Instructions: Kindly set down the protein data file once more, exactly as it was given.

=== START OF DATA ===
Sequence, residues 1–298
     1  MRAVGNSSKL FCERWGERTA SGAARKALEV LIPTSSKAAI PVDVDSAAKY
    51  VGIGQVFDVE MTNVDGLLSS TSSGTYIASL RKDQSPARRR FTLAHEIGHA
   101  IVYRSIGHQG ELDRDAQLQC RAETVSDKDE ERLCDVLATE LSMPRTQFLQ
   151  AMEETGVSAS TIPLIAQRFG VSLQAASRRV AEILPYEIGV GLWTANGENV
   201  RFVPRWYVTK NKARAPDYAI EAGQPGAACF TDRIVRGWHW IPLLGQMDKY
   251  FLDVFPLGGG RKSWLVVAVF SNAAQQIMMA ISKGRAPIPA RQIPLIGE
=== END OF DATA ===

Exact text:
Sequence, residues 1–298
     1  MRAVGNSSKL FCERWGERTA SGAARKALEV LIPTSSKAAI PVDVDSAAKY
    51  VGIGQVFDVE MTNVDGLLSS TSSGTYIASL RKDQSPARRR FTLAHEIGHA
   101  IVYRSIGHQG ELDRDAQLQC RAETVSDKDE ERLCDVLATE LSMPRTQFLQ
   151  AMEETGVSAS TIPLIAQRFG VSLQAASRRV AEILPYEIGV GLWTANGENV
   201  RFVPRWYVTK NKARAPDYAI EAGQPGAACF TDRIVRGWHW IPLLGQMDKY
   251  FLDVFPLGGG RKSWLVVAVF SNAAQQIMMA ISKGRAPIPA RQIPLIGE